Therapists are usually trained to reflect on their own feelings as they work with a patient, particularly when they are aware of strong positive or negative feelings. In the case in question, where the therapist is becoming aware that he or she doesn’t like the patient, the self oriented question is “Why don’t I like this patient?” The answer may  be obvious, such as the patient is inconsiderate, self centered, prejudiced , anti my political or religious beliefs etc. One doesn’t necessarily dislike a person who meets such criteria and therapists in their self reflection need to include the contemplation of “What do I know about myself that might help me to understand these feelings?” It may be that the patient reminds you of a significant person in your life or certain situations which have occurred to you. One more additional self directed question should be “Can I work with my own feelings and try to help the patient or are these feelings too strong for me to objectively work with the patient? Also, am I just not inclined to work with the patient even if I understand why I feel this way?”

If the awareness of the dislike for the patient comes during the initial consultation and the therapist is not inclined to work with the patient,  it may be relatively easy to refer the patient to a a colleague. A therapist not uncommonly will refer a patient to another therapist after the initial consultation if a therapist with special expertise might be better suited to treat the patient or if the therapist and the patient’s schedules don’t mesh for setting up ongoing therapy. On occasion, the consulting therapist might feel, after an initial consultation, that the therapy should be by a person of another sex, background or age. While these situations are less common, it may happen. Therefore referring the patient to someone else whom you feel will work better with the patient after you have initially examined the patient is ethically proper. Our guideline is to do no harm to the patient and do everything in the patient’s best interest. Therefore it most likely would only be hurtful to the patient to explain that you don’t like the them and that is why you are making the referral, therefore you shouldn’t do that. This may put you in the position of having to tell a “white lie” by saying that your schedule doesn’t work or that you are sending them to another therapist whom you feel is better suited for them (although this may technically be the truth). The therapist has to make the decision whether to discuss the reason for the referral. If the reason was one which there was a good possibility that another therapist might have the same problem ( ie. The patient was a member of the Klu Klux Klan or was a psychopath etc,) it would be best to discuss this with the potential new therapist in order to find someone who could separate their own personal feelings and work with the patient. When the reasons were totally personal  (the patient reminded the therapist of someone or some personal situation ) such a discussion would not be necessary. In such case, a general reason or a scheduling problem could be given for the referral or you could share this information with the new therapist.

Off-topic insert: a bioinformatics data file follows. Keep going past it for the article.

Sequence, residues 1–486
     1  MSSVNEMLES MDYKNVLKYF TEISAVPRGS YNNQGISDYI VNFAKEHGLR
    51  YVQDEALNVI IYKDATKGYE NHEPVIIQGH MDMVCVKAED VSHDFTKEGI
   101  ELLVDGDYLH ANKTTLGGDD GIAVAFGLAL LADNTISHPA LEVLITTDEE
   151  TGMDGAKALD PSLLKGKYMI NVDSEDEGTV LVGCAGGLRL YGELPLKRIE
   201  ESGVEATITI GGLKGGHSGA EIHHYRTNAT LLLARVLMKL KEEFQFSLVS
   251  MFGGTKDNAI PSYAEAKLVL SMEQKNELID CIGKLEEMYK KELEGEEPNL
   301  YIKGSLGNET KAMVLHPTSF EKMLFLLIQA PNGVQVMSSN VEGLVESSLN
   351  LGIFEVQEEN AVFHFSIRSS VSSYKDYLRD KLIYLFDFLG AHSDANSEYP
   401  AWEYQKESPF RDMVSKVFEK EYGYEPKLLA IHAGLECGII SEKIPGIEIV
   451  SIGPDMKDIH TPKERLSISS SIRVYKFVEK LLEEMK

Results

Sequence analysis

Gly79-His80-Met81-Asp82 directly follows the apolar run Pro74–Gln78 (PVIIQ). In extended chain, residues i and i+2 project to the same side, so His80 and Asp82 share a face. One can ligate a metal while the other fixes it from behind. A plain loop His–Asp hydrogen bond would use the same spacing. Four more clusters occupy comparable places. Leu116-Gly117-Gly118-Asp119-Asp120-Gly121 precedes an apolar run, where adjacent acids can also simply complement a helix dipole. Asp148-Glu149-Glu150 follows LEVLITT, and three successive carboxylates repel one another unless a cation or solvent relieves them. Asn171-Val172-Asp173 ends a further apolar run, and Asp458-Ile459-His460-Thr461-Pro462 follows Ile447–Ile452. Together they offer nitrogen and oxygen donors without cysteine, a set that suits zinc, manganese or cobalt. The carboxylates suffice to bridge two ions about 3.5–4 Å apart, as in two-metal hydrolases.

When the awareness of the dislike for the patient occurs during ongoing therapy, referring the patient to someone else becomes more complicated as interrupting the therapy would have to be weighed against the therapist concluding that they can’t help the patient due to their own feelings. Psychodynamically  trained therapist are usually trained to recognize and work with their own countertransference and this would be the preferred mode of operation. This approach not only facilitates insight into self but also has the opportunity to facilitate the ongoing therapy. The therapist should always have the option to seek the assistance through a consultation with a colleague, a clinical  supervisor or their own therapist and certainly if they themselves are in ongoing therapy – this situation should be closely examined. Therapists should be constantly monitoring their own feelings and the awareness of some negative feelings about the patient is not unusual.

In fact the experienced therapist knows the kind of issues which push their own buttons and an emotional reaction to the patient may be the first opportunity to identify some conflict within the patient that both the therapist and the patient may not have had a conscious awareness.

Psychiatry in Palliative Medicine

The 2nd edition of the Handbook of Psychiatry in Palliative Medicine is reviewed. The book should be read by all health professionals with interest in this area. The book covers the cutting edge of science as well as clinical and ethical issues. It also discuses psychotherapy including countertransference as it applies to palliative care. There is also a 5 question Q &A with one of the editors.

Handbook of Psychiatry in Palliative Medicine, 2nd ed., by Harvey Max Chochinov, M.D. and William Breitbart, M.D. New York, Oxford University Press, 2009, 592 pp., $89.50.

Book Review and Q & A with Editor

Harvey M. Chochinov, M.D.  Co-editorHarvey M. Chochinov, M.D. Co-editor

I have reprinted the review of this book which I wrote in the April issue of Journal of the American Psychiatric Association. At the conclusion of the review I have added a five question and answer interchange which I had with Dr. Breitbart.

Palliative Care

What Do Dying People Want?

Potential readers of this book no doubt will be concerned about what dying people want, which is a theme examined throughout the book. It is discussed and answered by Khul in his chapter on this subject as follows: